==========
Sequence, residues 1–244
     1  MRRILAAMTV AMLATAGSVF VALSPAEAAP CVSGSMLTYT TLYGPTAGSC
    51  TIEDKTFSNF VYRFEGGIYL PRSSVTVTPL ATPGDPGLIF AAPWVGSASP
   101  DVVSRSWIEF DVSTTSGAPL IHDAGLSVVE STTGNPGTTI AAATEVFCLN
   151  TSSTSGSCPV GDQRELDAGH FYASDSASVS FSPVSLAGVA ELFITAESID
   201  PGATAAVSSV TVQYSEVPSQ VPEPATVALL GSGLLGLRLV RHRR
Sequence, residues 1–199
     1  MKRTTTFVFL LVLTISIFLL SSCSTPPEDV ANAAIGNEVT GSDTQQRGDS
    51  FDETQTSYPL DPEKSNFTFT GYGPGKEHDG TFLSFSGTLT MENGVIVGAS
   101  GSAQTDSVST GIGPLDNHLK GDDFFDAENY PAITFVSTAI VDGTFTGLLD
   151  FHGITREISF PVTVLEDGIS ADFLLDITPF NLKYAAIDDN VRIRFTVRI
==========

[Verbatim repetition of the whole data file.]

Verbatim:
Sequence, residues 1–244
     1  MRRILAAMTV AMLATAGSVF VALSPAEAAP CVSGSMLTYT TLYGPTAGSC
    51  TIEDKTFSNF VYRFEGGIYL PRSSVTVTPL ATPGDPGLIF AAPWVGSASP
   101  DVVSRSWIEF DVSTTSGAPL IHDAGLSVVE STTGNPGTTI AAATEVFCLN
   151  TSSTSGSCPV GDQRELDAGH FYASDSASVS FSPVSLAGVA ELFITAESID
   201  PGATAAVSSV TVQYSEVPSQ VPEPATVALL GSGLLGLRLV RHRR
Sequence, residues 1–199
     1  MKRTTTFVFL LVLTISIFLL SSCSTPPEDV ANAAIGNEVT GSDTQQRGDS
    51  FDETQTSYPL DPEKSNFTFT GYGPGKEHDG TFLSFSGTLT MENGVIVGAS
   101  GSAQTDSVST GIGPLDNHLK GDDFFDAENY PAITFVSTAI VDGTFTGLLD
   151  FHGITREISF PVTVLEDGIS ADFLLDITPF NLKYAAIDDN VRIRFTVRI